My love for the kitchen came a little by chance. At fifteen I had my first experience, in Normandy, where I was born. At nineteen, I decided to move to Paris, where I was lucky enough to work with Alain Passard, at L'Arpège, and stay there three years, arriving to be a sous chef. At that point I decided to start another experience, and went to work with Marc Veyrat and even there I stayed for three years, as sous chef. What interested me and inspired me of these two great masters was their artistic spirit. They are both chefs and artists, at the same time, with a very clear vision of the kitchen and of the stories they want to tell with their dishes. I then left France, and worked for a few months in the Basque Country, at Mugaritz. I then wanted to leave again, and go to the United States. This because I had always been fascinated by American work ethics, by their rigorous and decisive approach, very different from the French one: I wanted to better understand this reality and I believe this experience made me much richer. Even my wife is American, even though we met at Mugaritz, where we worked together. After a few years in America we decided to return to France and open Agapé Substance, where I was the chef for a year and a half. It was a very cosy restaurant, around 30 square metres, where we had only one, long table. A table d'hôte that was an extension of the kitchen, on which we offered dishes based on the moment’s inspiration, without following any menu. It was a very important and beautiful time for me, also thanks to the fact that it was the first time in which I was the executive chef, with the possibility of creating my own dishes, while until then I had always had some big master above me. From whom, of course, I learnt a lot and it was essential, but I needed to open my own restaurant. I then made a different choice: I went on holiday for a whole year.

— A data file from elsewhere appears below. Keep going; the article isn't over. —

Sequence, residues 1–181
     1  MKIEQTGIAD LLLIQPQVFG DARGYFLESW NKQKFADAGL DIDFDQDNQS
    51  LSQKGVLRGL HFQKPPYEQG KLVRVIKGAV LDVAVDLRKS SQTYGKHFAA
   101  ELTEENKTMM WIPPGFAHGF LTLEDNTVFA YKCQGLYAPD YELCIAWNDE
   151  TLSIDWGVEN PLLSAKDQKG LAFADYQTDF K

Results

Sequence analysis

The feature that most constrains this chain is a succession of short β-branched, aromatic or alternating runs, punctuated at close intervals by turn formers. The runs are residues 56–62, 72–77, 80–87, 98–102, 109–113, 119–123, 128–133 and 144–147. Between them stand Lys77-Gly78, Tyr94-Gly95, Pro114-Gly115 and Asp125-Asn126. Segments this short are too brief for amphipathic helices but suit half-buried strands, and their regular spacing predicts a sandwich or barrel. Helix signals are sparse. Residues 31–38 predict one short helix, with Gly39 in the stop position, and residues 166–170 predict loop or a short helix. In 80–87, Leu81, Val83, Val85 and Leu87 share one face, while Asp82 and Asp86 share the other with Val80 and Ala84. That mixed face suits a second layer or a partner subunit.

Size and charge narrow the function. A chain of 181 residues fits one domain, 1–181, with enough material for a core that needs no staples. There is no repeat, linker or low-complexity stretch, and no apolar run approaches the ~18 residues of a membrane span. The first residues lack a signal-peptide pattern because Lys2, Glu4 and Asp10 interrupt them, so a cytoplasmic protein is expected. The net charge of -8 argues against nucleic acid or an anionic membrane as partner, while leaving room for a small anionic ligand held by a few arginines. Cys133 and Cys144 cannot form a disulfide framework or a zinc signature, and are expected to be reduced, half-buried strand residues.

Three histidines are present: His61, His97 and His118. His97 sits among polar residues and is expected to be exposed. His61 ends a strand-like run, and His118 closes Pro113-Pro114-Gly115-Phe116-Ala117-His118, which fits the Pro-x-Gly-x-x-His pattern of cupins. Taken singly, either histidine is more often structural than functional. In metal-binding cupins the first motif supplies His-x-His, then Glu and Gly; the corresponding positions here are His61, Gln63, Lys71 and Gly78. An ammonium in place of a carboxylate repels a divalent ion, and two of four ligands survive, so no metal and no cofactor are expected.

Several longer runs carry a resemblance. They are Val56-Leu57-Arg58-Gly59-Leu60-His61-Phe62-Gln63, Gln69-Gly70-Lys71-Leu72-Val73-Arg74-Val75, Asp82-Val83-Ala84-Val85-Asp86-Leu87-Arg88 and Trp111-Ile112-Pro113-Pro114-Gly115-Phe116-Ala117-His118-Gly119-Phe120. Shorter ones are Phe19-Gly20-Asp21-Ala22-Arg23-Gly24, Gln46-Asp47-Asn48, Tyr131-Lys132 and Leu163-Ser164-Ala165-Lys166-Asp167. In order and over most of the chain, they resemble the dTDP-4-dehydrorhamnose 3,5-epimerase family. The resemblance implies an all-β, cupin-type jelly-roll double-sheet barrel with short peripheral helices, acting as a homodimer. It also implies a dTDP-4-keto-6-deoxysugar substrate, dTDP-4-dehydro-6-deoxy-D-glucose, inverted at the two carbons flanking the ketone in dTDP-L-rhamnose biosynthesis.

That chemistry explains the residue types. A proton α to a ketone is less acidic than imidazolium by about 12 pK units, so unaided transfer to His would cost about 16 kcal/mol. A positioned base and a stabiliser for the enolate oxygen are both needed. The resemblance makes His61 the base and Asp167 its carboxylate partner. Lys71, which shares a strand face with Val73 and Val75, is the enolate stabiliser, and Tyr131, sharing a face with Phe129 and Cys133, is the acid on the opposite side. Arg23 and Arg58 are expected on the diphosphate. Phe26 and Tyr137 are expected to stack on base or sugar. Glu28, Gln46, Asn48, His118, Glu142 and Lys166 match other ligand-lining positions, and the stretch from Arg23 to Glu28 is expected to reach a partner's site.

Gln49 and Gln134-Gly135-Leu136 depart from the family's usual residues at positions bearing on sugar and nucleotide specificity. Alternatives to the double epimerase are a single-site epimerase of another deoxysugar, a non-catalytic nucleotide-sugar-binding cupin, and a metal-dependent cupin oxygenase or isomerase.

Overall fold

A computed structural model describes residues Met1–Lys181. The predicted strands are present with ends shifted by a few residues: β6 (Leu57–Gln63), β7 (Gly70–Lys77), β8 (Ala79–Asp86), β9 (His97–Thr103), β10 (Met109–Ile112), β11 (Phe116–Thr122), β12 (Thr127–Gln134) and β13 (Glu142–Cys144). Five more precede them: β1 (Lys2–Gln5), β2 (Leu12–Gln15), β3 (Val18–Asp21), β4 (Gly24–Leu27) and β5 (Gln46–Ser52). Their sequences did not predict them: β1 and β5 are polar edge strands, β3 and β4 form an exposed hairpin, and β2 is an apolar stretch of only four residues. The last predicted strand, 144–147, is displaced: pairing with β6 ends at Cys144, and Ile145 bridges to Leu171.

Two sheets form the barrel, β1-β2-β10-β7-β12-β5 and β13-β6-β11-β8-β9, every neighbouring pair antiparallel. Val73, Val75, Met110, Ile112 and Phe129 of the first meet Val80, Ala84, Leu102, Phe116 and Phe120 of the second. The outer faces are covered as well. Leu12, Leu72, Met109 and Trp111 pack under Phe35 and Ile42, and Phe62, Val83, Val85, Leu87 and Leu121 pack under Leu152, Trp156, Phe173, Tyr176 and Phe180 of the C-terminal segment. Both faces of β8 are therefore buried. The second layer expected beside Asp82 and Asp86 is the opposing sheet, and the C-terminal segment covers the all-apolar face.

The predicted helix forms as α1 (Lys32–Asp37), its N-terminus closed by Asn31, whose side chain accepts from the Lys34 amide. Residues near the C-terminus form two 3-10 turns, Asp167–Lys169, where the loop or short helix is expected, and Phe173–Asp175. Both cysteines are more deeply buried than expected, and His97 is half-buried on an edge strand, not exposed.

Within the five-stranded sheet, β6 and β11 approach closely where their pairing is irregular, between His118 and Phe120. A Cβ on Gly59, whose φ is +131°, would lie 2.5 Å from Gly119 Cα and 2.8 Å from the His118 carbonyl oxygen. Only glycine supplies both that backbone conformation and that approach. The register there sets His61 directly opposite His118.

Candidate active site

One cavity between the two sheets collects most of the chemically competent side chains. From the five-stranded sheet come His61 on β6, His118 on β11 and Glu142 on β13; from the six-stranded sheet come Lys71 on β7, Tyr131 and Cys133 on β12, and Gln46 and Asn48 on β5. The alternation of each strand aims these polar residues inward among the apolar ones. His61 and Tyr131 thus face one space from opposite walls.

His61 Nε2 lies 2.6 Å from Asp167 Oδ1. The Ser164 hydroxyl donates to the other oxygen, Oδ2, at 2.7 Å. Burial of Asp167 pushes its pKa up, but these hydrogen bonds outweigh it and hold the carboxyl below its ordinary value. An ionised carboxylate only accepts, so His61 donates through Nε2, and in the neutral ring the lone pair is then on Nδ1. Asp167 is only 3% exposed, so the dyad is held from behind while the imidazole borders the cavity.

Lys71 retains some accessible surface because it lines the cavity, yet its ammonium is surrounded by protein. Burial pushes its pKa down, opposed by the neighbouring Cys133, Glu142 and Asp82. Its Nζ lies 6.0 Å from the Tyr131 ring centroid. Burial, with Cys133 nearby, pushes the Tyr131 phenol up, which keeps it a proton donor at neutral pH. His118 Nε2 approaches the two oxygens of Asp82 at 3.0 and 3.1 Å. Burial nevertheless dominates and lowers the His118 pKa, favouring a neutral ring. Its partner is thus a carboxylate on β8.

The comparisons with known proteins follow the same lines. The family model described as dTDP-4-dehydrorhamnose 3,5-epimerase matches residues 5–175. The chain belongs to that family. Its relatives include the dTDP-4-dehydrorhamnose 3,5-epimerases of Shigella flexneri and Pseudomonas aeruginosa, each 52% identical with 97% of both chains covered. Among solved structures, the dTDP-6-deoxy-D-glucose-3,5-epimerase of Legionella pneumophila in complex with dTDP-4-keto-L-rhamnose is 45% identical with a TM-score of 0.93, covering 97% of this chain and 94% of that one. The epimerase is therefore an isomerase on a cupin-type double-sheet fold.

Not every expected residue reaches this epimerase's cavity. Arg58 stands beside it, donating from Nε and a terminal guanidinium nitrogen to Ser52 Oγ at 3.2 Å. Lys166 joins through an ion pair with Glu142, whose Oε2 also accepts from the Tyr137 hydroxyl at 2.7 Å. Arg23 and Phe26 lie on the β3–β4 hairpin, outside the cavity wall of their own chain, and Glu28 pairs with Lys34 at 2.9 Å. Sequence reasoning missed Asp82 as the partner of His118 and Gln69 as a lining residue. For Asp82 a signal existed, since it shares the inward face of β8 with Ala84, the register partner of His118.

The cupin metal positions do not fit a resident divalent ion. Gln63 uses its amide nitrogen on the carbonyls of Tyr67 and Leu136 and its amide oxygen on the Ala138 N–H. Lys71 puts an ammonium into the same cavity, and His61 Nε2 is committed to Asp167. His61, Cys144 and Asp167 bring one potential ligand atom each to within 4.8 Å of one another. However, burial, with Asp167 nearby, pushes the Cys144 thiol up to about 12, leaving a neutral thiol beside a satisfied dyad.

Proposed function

Paolo Marchi explains the decision of giving the award to David Toutain

Paolo Marchi explains the decision of giving the award to David Toutain